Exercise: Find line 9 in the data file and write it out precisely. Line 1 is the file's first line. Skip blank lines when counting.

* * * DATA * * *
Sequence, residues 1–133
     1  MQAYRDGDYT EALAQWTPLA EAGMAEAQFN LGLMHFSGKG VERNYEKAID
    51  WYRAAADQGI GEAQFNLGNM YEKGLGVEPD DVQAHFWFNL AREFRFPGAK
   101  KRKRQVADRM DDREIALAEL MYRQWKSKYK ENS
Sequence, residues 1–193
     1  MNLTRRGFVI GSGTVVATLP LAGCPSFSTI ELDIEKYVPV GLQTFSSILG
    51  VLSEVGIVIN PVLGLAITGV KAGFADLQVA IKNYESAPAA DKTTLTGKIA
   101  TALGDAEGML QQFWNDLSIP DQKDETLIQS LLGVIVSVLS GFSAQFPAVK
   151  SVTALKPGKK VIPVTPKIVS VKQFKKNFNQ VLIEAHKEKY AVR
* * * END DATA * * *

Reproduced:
   151  SVTALKPGKK VIPVTPKIVS VKQFKKNFNQ VLIEAHKEKY AVR